Disadvantages of Being a Sole Trader

  • Sole traders are responsible and liable for all business debts and claims as there is no legal distinction between the individual and the business, therefore there is no distinction between personal and business finances.
  • Can be trickier to raise capital.
  • All taxable income is liable for Income Tax and National Insurance contributions.
  • Less tax-efficient than a limited company.

Advantages of a Limited Company

  • A distinct legal entity separate from its owners.
  • Limited liability, meaning members’ personal finances and assets are protected beyond what they agree to invest in the business.
  • Often viewed as larger and more established businesses, even if they are run by just one person.
  • More tax-efficient.
  • Directors are able to pay themselves a salary and dividends.
  • Limited by shares companies can sell shares in exchange for capital investment.

Disadvantages of a Limited Company

  • Must be incorporated at Companies House, though it doesn’t take long or cost much.
  • Must register with HMRC for Corporation Tax.
  • Can cost more to set up and operate.
  • It isn’t possible to register a limited company if you are an undischarged bankrupt or disqualified director.
  • Information about the company is on public record, including the registered address, service addresses, director details, shareholder details, filing history and financial activity.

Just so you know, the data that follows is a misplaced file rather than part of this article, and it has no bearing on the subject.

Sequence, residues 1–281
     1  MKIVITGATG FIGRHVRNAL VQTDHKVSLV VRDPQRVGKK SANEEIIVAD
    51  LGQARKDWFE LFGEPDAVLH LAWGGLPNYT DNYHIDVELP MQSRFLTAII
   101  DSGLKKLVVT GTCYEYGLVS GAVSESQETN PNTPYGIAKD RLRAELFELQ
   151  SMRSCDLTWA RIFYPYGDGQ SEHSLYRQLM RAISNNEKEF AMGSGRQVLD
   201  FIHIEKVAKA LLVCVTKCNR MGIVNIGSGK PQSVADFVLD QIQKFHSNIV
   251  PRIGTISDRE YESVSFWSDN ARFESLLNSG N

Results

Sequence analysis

• Accounting and filing requirements are often more complicated and time consuming than sole trader admin.
  • You can’t remove money as and when you please as you must have enough profit left after the deduction of tax and other expenses before doing so and must follow strict procedures to remove money and pay yourself.

Setting Up Your Business as a Limited Company

If you have decided to set up a Limited company, you must register with Companies House and submit a number of documents, including:

  • Form IN01, providing information about your company name, names of directors, company secretary and identities of shareholders
  • Memorandum of Association
  • Articles of Association

Setting Up Your Business as a Sole Trader

If you have chosen to set up as a sole trader, you must notify HMRC of the fact and register for self-assessment so that you can file an annual tax return.